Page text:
Equality is generally marginalized within the global human rights agenda, and among those who wield power in the formation and execution of this agenda. Furthermore, people of color on the front lines of racial oppression remain excluded from human rights decision-making and knowledge production. This essay seeks to put racial equality onto the center of human rights agenda. In order to so, remedying this state of affairs requires infusing the global human rights agenda with a commit to substantive racial equality. It requires both prioritizing a structural and intersectional approach to racial discrimination, and taking seriously the role of communities of color and their advocates not only in fighting racial inequality, but also in defining the very nature of human rights.
How can it be that in its fourteen years of existence, Sur has published only two articles on racial equality? In this Essay, I propose that Sur’s neglect of racial equality is neither exceptional nor an anomaly within the broader international human rights universe. Rather this neglect is characteristic of the more general marginality of racial equality within the global human rights agenda, and among those who wield power in the formation and execution of this agenda. Formal approaches to racial equality, even within the human rights system, fail to leverage the promise of the International Convention for the Elimination of Racial Discrimination (“ICERD”), notwithstanding enduring legacies of colonial-era racial subordination. And people of color on the front lines of racial oppression remain excluded from human rights decision-making and knowledge production. I argue that remedying this state of affairs requires infusing the global human rights agenda with a commit to substantive racial equality, which: (1) prioritizes a structural and intersectional approach to racial discrimination, and (2) takes seriously the role of communities of color and their advocates not only in fighting racial inequality, but also in defining the very nature of human rights.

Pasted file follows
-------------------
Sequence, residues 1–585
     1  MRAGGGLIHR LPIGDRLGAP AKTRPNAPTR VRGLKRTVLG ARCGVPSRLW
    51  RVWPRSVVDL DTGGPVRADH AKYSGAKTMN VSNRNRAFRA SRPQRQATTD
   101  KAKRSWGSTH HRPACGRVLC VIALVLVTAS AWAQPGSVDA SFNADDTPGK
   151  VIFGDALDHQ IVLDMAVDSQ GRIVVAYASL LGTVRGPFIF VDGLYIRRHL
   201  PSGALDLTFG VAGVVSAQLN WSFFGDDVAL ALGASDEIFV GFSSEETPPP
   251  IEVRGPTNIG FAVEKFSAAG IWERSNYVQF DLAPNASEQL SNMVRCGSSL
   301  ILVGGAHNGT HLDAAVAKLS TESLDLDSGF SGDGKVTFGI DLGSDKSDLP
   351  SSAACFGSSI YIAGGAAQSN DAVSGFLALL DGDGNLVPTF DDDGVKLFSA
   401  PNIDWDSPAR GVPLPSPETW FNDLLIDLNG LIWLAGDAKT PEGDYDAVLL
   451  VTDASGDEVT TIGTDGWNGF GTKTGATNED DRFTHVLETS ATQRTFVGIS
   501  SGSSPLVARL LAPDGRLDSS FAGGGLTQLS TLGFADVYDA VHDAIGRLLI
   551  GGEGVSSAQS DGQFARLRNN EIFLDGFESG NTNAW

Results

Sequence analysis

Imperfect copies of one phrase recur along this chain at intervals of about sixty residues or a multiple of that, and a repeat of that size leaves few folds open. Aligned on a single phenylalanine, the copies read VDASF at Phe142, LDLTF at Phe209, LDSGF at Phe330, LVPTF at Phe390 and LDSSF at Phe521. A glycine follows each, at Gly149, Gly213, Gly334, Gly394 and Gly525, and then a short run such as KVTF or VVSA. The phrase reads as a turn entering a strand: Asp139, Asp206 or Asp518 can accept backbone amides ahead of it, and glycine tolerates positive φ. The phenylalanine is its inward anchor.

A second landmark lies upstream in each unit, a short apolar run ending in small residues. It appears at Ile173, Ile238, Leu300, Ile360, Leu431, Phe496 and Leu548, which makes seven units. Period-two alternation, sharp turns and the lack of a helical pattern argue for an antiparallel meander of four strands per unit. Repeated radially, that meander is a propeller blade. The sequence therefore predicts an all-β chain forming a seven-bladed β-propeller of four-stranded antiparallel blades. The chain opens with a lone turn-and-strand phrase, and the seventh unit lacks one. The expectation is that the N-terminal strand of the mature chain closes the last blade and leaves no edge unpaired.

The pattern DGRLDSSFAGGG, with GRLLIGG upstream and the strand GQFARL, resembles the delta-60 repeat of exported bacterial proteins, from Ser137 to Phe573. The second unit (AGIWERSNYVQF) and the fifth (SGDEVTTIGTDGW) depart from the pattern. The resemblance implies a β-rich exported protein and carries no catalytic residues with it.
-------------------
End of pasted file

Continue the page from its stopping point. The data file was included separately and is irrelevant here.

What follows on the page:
The rise and spread of right-wing nationalist populism around the world has unleashed unashamed public discourses and practices of racism, xenophobia, misogyny and other forms of intolerance.11. Special Rapporteur on contemporary forms of racism, racial discrimination, xenophobia and related intolerance, “The Threat of Nationalist Populism to Racial Equality.” Report to the United Nations General Assembly, U.N. Doc A/73/305, August 6, 2018, accessed December 2, 2018, http://undocs.org/en/A/73/305. Today, leaders even in the highest level of political office in countries that have long viewed themselves as the vanguard of liberal constitutional democracy openly profess racist and xenophobic views as they adopt policies that entrench them. Human rights and other organizations continue to document increases in crimes and other incidents motivated by racial, ethnic, religious and related intolerance, and have done important work to expose human rights violations of this kind. United Nations (“UN”) human rights mechanisms and actors have also publicly taken a stand to re-affirm principles of equality and dignity in the wake of egregious incidents of racist and xenophobic expression. In light of this seemingly renewed attention to explicit racism and xenophobia, what does it mean to say that racial equality is marginal to the global human rights agenda or within the global human rights system? And what does it even mean to speak of a global human rights agenda or system?